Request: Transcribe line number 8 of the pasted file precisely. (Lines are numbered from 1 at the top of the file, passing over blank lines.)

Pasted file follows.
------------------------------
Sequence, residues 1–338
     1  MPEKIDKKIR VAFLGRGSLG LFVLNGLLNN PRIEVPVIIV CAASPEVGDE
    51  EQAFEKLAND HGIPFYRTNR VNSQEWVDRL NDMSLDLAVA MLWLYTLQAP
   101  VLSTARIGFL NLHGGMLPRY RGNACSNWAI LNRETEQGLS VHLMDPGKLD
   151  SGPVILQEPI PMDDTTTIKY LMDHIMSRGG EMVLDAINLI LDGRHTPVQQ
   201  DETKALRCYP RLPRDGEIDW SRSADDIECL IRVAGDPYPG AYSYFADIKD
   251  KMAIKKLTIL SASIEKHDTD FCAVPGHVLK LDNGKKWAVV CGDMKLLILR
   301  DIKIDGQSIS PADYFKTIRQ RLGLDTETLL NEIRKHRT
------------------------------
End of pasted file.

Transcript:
   301  DIKIDGQSIS PADYFKTIRQ RLGLDTETLL NEIRKHRT